Non-Catholic Students Say They Feel Welcome
Byline: Sarah Trotto
Steve Cothard of Elmhurst remembers feeling like an outsider on his first day of school at Immaculate Conception High School.
"As far as I knew, I was the only non-Catholic in the building," Cothard said. "One thing that stood out in my mind was that everyone was linked by their Catholic faith and I wasn't."
Cothard, a senior, is not the only non-Catholic at the Elmhurst parochial school, though he is in the minority.
Nine out of 235 total students who attend Immaculate Conception are non-Catholic, according to the 1998-99 Annual Secondary School Survey.
"IC is open to everyone in reference to race, religion and creed," said Principal Sister Maureen Field. "It is not a requirement to be Catholic to be a student at IC."
All Immaculate Conception students - including those who are non-Catholic - are required to attend in-school Mass and take three credits of theology to graduate.
Cothard said these requirements are not a hassle.
"I don't mind it, because attending a Catholic school is an educational experience," he said.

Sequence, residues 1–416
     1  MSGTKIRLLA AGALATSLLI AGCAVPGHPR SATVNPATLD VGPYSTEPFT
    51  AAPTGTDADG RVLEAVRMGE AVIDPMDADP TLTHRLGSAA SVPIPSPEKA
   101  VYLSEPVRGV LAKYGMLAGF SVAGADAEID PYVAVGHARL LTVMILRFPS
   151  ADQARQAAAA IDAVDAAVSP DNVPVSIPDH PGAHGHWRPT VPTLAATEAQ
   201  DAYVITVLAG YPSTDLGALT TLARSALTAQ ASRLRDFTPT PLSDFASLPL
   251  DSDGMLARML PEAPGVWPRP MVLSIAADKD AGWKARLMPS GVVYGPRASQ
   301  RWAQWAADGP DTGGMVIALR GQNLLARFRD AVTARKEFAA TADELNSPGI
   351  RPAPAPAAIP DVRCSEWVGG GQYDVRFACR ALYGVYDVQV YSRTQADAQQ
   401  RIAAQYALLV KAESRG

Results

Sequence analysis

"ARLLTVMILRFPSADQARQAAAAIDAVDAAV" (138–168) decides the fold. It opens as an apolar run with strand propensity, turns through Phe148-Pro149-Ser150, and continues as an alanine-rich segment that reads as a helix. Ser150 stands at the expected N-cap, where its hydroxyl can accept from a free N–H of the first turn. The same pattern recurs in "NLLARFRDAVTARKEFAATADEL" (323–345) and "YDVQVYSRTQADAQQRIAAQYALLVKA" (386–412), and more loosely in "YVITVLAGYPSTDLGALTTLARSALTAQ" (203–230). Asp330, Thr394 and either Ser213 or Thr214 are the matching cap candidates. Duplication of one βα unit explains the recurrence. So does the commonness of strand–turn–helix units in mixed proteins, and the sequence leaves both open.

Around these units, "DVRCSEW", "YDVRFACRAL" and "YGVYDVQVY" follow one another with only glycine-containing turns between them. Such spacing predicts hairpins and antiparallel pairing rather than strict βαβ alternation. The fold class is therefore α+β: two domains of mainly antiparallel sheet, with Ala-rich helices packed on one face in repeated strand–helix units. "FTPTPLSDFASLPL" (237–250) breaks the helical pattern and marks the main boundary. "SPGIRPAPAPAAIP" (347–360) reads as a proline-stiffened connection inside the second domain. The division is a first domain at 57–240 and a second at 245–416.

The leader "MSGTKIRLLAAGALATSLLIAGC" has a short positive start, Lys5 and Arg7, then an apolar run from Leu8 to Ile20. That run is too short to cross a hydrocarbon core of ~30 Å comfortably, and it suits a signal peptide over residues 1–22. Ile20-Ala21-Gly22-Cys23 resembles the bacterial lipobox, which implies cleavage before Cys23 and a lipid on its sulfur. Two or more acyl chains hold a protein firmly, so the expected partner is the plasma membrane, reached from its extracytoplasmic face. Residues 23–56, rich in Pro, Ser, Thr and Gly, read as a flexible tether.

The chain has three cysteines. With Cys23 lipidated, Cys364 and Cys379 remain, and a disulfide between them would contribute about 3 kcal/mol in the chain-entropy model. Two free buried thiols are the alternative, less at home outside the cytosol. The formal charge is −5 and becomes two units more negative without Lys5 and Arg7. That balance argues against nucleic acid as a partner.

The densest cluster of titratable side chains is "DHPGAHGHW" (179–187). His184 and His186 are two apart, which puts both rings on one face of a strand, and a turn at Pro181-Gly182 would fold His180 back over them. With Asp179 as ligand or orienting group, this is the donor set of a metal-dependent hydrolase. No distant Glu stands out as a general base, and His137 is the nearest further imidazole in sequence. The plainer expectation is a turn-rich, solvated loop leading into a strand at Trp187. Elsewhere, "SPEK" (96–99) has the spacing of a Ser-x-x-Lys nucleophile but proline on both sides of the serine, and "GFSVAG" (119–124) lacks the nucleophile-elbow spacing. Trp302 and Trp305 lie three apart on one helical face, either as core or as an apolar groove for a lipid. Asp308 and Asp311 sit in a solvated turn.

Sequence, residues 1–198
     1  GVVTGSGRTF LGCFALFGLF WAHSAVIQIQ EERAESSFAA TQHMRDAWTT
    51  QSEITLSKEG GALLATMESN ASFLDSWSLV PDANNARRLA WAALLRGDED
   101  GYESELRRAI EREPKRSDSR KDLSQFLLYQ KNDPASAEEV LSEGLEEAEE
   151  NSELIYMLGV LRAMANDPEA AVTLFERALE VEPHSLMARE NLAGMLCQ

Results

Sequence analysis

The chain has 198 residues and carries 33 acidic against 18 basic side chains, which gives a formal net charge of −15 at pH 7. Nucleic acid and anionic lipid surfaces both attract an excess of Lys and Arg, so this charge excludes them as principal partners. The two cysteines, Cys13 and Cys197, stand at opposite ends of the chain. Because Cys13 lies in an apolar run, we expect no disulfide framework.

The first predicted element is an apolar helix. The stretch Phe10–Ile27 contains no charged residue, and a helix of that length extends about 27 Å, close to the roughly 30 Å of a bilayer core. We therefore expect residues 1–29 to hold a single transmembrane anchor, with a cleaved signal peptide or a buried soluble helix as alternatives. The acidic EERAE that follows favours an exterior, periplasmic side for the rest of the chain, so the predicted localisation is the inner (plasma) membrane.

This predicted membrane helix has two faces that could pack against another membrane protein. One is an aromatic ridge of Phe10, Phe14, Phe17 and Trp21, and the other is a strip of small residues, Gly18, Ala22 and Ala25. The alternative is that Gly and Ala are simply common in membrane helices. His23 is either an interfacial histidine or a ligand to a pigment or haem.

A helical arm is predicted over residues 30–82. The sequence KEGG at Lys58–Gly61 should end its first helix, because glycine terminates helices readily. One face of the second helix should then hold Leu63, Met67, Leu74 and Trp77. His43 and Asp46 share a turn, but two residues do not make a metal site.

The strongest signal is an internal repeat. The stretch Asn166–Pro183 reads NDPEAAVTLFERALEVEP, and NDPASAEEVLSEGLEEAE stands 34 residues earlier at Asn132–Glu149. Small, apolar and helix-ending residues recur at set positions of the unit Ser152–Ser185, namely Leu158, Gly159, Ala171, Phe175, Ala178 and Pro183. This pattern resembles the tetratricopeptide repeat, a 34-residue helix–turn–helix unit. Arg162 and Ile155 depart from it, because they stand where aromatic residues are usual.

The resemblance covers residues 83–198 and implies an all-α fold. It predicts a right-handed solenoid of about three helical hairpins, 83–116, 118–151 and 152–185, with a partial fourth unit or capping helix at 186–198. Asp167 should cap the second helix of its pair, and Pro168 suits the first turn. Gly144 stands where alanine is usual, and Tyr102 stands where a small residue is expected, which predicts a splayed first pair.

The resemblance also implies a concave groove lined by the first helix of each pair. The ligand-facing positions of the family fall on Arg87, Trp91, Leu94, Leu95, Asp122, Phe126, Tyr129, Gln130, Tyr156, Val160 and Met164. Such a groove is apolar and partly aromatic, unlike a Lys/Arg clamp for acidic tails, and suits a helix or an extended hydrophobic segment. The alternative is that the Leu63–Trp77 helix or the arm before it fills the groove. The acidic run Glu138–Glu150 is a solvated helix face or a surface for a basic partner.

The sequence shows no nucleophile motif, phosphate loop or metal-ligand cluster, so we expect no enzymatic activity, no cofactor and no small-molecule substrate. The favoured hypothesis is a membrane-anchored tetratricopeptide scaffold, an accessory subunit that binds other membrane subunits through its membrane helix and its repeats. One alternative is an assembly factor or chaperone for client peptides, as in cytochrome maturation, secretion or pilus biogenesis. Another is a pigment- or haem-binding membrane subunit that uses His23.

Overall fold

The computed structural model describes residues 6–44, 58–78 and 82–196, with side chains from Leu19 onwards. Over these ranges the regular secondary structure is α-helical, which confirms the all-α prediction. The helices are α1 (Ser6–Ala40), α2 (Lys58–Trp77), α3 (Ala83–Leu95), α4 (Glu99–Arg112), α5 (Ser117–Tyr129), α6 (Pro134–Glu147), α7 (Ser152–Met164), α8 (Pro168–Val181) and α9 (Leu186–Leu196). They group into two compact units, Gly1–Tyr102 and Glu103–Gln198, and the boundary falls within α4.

"I think I enjoy Mass more than some other students do. It doesn't seem to mean much to a lot of the students around me because they've been going to Mass for years and years. It's a new experience to me."
Through their possible unfamiliarity with Catholicism, non-Catholic students help Catholic students learn about the religion, said theology teacher Jane Connors.
"I find that non-Catholic students bring a fresh perspective to a discussion of faith," Connors said. "Their questions about Catholic rituals forces a Catholic student to look at what has not been questioned as much in their own faith tradition."
Junior Melissa Gosche believes the freedom to discuss religion in private school is valuable not only in theology class.
"Religion is a big issue in the book 'The Scarlet Letter' that we're reading in English class," she said. …